'Four Words to Build People Up '
Wednesday, May, 31, 2017 | 1:58 PM | by Munholland
We can learn a lot from the Bible. Sometimes we catch key insights in the personal words rather than the instruction. Paul's intimate address to Timothy, a colleague and young minister in Ephesus, gives us insight into how we can build people up. It simply flows out of his relationship with Timothy that had been built over years of mentoring him in ministry. Paul had taken Timothy on several missionary journeys, and left him to continue to build the thriving church in Ephesus. Now, writing from Rome, Paul encourages Timothy to fight the good fight for the gospel. Look at how he begins the letter:
'I thank God, whom I serve, as my forefathers did, with a clear conscience, as night and day I constantly remember you in my prayers. Recalling your tears, I long to see you so that I may be filled with joy. I have been reminded of your sincere faith, which first lived in your grandmother Lois and in your mother Eunice and, I am persuaded, now lives in you also. For this reason, I remind you to fan into flame the gift of God, which is in you through the laying on of my hands. For God did not give us a spirit of timidity, but a spirit of power, of love and of self-discipline.' II Timothy 1:3-7
Four things strike me. First, Paul freely expresses his love and affection for Timothy. 'I long to see you, so that I may be filled with joy.' Letting a person know that they are secure in your acceptance and affirmation gives them a bedrock to work from. That kind of emotional stability is important. In fact, Abraham Maslow says that the need for love and belonging is just one step beyond physical security, food, water, and shelter. I grew up in a family of all boys who didn't express our emotions very well. However, I have learned the importance of letting people around me know I love them and care about them. This is a powerful gift you can give to both colleagues and family.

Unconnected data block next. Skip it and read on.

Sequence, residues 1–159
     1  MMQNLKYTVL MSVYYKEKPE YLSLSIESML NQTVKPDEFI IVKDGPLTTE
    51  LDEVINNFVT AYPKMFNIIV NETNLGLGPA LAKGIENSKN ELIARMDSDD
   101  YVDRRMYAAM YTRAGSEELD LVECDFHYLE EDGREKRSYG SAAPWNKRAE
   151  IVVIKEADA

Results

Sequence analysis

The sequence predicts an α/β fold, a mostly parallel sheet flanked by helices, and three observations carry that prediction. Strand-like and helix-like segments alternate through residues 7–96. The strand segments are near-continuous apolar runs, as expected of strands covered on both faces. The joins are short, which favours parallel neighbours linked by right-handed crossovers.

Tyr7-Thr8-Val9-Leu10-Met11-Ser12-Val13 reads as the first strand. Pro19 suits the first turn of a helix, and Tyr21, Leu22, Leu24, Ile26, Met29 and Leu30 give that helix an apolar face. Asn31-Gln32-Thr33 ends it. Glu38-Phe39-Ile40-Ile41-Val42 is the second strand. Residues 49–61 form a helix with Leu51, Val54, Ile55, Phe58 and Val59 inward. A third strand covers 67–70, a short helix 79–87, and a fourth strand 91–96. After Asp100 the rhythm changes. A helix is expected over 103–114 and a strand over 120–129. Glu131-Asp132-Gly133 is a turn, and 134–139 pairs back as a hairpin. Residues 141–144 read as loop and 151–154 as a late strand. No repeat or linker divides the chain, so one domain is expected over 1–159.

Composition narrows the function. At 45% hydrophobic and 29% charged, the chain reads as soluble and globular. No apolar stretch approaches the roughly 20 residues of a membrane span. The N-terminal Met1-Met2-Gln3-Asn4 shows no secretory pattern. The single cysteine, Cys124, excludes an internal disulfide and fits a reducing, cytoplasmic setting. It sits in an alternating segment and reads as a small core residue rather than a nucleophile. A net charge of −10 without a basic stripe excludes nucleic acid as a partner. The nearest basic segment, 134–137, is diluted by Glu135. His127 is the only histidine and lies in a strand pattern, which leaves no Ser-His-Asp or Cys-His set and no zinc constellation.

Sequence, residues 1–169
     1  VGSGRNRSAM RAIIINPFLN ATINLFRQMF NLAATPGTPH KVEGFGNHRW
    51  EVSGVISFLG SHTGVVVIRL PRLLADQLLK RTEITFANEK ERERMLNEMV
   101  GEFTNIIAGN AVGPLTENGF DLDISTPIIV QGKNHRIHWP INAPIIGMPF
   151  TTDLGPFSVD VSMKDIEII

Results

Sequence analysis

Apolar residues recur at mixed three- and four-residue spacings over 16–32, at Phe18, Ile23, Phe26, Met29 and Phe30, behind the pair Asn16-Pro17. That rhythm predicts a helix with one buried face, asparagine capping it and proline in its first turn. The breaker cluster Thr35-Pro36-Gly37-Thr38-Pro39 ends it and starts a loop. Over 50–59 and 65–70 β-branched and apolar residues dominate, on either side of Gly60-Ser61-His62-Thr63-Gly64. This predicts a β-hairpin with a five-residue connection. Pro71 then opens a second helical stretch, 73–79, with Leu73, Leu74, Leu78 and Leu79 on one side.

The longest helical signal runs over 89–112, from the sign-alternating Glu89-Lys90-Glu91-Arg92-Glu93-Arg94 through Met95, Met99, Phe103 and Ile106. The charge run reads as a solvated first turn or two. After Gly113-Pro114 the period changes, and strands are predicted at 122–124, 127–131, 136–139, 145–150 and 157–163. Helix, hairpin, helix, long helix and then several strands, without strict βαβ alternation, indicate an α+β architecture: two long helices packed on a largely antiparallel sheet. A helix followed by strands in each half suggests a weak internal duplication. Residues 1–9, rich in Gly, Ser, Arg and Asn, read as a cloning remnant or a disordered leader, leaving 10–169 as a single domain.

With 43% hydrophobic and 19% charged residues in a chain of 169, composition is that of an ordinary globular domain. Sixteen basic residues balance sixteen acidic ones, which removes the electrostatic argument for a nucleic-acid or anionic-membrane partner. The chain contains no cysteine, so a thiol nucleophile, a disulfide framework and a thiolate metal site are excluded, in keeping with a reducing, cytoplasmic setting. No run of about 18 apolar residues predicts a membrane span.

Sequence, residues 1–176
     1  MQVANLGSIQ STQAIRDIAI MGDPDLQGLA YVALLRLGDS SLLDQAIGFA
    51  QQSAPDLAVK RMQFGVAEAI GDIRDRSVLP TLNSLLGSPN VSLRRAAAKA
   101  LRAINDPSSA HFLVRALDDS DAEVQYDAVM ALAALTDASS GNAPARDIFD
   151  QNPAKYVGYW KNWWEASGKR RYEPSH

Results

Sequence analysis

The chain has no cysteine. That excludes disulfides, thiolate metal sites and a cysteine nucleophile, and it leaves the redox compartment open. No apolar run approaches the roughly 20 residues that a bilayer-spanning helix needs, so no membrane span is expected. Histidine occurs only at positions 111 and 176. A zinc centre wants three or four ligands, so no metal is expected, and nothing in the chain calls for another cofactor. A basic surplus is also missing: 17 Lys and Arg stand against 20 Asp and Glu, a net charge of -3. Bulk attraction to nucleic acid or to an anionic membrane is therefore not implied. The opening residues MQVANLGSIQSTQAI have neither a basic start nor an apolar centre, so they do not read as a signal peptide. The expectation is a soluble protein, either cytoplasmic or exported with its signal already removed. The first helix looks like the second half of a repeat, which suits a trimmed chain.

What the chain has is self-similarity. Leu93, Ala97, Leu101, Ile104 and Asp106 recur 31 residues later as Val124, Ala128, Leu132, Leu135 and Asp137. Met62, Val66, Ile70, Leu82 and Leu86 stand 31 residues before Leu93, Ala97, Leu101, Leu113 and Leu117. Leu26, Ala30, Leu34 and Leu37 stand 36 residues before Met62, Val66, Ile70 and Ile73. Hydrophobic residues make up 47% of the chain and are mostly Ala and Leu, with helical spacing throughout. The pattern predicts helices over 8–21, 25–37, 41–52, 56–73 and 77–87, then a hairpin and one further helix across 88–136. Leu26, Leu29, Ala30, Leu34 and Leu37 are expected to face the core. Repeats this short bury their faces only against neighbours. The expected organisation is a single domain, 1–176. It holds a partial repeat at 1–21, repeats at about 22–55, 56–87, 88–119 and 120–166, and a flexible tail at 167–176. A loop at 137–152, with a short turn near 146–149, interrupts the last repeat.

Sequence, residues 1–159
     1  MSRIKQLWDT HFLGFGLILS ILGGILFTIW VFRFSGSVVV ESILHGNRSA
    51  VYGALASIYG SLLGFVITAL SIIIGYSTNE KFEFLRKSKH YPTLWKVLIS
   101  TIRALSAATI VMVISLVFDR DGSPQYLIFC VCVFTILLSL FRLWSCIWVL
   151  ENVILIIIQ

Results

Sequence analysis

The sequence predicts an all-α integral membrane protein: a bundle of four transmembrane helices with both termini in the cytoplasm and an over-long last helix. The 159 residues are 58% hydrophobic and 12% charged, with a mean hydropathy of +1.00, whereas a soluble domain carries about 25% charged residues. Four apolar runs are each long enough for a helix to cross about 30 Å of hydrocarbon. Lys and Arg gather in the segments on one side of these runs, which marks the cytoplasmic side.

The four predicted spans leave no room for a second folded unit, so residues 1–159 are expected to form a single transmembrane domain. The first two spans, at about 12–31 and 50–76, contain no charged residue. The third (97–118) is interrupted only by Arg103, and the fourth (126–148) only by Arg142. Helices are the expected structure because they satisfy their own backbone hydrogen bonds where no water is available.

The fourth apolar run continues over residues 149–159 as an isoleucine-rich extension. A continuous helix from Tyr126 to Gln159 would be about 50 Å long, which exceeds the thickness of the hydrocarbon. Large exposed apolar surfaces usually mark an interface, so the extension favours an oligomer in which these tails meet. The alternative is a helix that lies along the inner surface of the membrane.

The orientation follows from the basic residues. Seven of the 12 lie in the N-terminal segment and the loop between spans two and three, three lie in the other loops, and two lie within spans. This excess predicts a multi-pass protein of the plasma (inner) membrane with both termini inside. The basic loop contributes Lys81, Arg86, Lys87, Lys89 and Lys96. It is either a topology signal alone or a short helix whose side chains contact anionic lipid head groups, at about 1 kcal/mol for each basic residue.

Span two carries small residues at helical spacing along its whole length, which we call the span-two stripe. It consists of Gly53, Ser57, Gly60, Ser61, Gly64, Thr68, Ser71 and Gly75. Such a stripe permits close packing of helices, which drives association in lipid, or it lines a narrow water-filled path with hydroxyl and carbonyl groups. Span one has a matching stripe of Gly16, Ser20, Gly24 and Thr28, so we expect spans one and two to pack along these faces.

Second, Paul expresses pride in Timothy. 'I have been reminded of your faith.' Paul brings up the good things that he sees in Timothy, the gifts and talents he uses to build up the church. Too many times we take for granted the good things people do, and jump on them when they mess up. When we express pride in someone, it encourages them to do more of the same. It also helps them see that what they are doing matters - it makes a difference. Try to catch colleagues and family members doing something good every day so that you can express your pride and appreciation.
Third, Paul expresses his confidence in Timothy. 'Fan into flame the gift of God which is in you.' Paul lets Timothy know that his previous experience, gifting, and cultivated talents have prepared him for the task at hand. People need a vote of confidence when they embark on a new adventure in life. Whether they have just graduated and are looking for a job, received a promotion, or going back to school to work on an advanced degree; people need to be encouraged by your expression of confidence in them.
Fourth, Paul reminds Timothy that God is at work on his behalf. 'God did not give us a spirit of timidity, but a spirit of power, of love, and of self-discipline.' Timothy was not on his own relying on his own knowledge and capacity. Paul reminded Timothy that God was giving him wisdom, discernment, and power to accomplish what God had called him to do. God is our greatest champion. When we were far from God, God sent his Son to save us. God continues to go to bat for us again and again throughout our lives so that we can meet the challenges before us. Remind people that they are not alone. God is with them, and so are you!
I encourage you to write a letter to someone in your life who needs to be built up. It doesn't need to be long, but let them know you care about them, you are proud of them, you have confidence in them, and that God is at work in their lives. It will take you 15 minutes, but it will bless them for the rest of their lives.
Blessed to be a blessing,